Alan Inglis has posted a second time about the need for an Enterprise Architect to be oriented more towards breadth than depth.  I agree but I feel the squeeze.

Enterprise architecture is there to bridge business and IT concerns.  Therefore, they need to be talking to business representatives and business leaders to build trust, listen to strategy, offer insight and ideas, and clarify requirements.  They need to be talking to IT architects and leaders to build rapport, deliver actionable plans, influence, and sometimes, enforce.

As you become more immersed in the EA role, you begin to lose your technical depth.  I haven’t coded significantly in two years now.  There are technologies that I understand but have not coded.  That is good (to a point) and bad (to a point). 

If our industry were more mature or if the rate of change was more moderate, I would not need to code to keep up.  But it isn’t.  Our industry is changing daily, and there is no widely available model to allow an architect to understand a new technology quickly without experiencing it directly.  There is no standard parts mechanism that drives people there, and therefore, no economic incentive for vendors to publish their products with model elements that would allow an architect to make direct comparisons in any kind of depth.  Marketecture rules.

And therefore, the Enterprise Architect is limited.  We can never get far from the level of technical depth required to deliver decisive insight, yet that heavy burden of constant learning prevents us from being able to reach up to a higher level of business effectiveness.  The fact that we are a hybrid means that we can neither job terribly well. 

And that, I think, is long term, the biggest reason why we are not often enough seen as valuable.  Both sides (Business and IT) can produce someone who knows their side better and deeper than the EA.  In a cooperative environment, it won’t matter.  But in many IT shops, there’s not enough cooperation to butter one side of a piece of toast.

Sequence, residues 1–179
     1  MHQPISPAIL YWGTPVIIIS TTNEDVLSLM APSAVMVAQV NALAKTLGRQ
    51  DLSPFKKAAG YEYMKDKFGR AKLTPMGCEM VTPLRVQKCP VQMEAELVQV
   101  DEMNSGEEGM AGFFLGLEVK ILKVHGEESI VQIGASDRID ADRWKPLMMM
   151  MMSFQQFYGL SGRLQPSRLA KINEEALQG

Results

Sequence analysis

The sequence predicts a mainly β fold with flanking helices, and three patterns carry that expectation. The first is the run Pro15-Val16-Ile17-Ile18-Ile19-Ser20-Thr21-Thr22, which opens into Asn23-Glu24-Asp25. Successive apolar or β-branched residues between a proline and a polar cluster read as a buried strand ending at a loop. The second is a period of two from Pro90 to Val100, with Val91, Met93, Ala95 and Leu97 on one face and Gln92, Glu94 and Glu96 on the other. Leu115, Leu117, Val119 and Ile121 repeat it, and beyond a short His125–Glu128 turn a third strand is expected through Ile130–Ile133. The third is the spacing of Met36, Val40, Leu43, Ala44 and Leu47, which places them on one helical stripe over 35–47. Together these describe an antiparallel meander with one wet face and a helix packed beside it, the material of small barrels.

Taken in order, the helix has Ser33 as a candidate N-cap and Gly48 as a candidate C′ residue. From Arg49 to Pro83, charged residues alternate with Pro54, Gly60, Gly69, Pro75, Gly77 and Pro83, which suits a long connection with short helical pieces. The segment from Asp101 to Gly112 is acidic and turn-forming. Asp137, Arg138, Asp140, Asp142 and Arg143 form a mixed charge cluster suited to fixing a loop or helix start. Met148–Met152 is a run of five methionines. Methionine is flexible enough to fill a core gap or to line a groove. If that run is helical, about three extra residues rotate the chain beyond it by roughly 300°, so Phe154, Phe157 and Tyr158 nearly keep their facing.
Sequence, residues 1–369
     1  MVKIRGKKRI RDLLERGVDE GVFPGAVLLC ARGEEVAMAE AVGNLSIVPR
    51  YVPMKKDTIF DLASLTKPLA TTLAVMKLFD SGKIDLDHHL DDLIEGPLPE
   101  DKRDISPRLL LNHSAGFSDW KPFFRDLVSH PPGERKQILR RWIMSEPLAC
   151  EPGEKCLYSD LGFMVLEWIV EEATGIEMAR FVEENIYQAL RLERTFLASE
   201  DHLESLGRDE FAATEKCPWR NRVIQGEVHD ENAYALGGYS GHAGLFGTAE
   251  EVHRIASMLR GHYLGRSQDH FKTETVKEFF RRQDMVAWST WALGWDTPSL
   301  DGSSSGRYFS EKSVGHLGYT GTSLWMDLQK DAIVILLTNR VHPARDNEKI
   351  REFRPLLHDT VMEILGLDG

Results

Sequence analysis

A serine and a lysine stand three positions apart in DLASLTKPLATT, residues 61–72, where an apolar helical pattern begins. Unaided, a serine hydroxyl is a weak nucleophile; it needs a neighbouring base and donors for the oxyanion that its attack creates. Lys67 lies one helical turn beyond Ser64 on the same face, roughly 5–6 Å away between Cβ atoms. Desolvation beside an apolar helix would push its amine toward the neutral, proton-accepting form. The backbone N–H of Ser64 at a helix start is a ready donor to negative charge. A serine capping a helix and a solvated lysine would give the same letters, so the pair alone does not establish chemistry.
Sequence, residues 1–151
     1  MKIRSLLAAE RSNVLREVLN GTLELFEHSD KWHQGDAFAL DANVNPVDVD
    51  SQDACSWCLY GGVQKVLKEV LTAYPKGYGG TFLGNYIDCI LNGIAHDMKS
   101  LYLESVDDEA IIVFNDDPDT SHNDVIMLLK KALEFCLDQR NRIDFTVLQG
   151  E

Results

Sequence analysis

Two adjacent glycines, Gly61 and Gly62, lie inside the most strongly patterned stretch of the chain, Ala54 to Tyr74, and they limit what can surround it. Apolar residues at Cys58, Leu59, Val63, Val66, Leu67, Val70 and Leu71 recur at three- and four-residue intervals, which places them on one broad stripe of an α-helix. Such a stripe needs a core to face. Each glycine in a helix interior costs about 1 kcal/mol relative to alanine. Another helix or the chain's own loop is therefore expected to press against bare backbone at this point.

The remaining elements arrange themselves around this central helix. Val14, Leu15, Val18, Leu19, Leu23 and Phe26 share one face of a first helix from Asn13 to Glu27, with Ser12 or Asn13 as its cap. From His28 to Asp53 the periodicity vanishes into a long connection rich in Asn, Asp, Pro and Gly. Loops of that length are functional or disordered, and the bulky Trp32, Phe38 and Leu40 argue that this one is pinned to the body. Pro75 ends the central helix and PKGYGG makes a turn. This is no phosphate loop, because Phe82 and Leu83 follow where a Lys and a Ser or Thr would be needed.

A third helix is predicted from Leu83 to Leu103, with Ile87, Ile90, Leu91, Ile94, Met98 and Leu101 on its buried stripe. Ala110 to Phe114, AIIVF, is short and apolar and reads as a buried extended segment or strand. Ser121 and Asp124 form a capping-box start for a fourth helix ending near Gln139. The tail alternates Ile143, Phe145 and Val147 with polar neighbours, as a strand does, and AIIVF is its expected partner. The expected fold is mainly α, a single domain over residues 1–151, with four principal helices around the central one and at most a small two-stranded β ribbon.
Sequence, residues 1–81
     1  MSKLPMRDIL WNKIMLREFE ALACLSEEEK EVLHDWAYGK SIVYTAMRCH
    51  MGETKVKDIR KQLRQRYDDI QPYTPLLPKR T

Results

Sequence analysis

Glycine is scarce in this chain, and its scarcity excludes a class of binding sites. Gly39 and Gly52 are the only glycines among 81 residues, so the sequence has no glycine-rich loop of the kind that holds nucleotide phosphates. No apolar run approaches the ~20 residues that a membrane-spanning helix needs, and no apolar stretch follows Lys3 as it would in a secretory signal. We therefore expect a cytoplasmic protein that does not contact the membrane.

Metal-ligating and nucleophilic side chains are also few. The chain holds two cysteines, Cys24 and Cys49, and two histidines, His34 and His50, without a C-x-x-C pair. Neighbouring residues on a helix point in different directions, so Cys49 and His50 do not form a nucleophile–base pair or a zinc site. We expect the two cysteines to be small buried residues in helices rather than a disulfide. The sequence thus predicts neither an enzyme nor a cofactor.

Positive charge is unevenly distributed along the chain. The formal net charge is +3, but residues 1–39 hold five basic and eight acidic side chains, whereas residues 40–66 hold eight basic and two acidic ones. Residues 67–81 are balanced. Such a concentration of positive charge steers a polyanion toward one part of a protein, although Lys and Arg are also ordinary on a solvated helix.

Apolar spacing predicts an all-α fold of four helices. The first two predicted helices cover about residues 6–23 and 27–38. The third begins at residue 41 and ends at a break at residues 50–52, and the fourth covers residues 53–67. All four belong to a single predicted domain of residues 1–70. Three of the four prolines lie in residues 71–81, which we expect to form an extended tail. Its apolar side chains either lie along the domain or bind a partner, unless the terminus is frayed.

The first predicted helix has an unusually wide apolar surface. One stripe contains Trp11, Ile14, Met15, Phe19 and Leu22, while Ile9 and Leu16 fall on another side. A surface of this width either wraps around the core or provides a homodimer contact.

There is a way out, but it is long term.  We need to get a consistent taxonomy of systems and features, make it available, have the vendor community contribute to the definition of it, and then provide incentive for them to map their own commercial systems to it.  Then architects can make the comparisons they need to make without needing a direct and deep engagement with every new technology. 

That’s the transition to interchangable parts.  That won’t be easy.

By Nick Malik

Former CIO and present Strategic Architect, Nick Malik is a Seattle based business and technology advisor with over 30 years of professional experience in management, systems, and technology. He is the co-author of the influential paper "Perspectives on Enterprise Architecture" with Dr. Brian Cameron that effectively defined modern Enterprise Architecture practices, and he is frequent speaker at public gatherings on Enterprise Architecture and related topics. He coauthored a book on Visual Storytelling with Martin Sykes and Mark West titled "Stories That Move Mountains".

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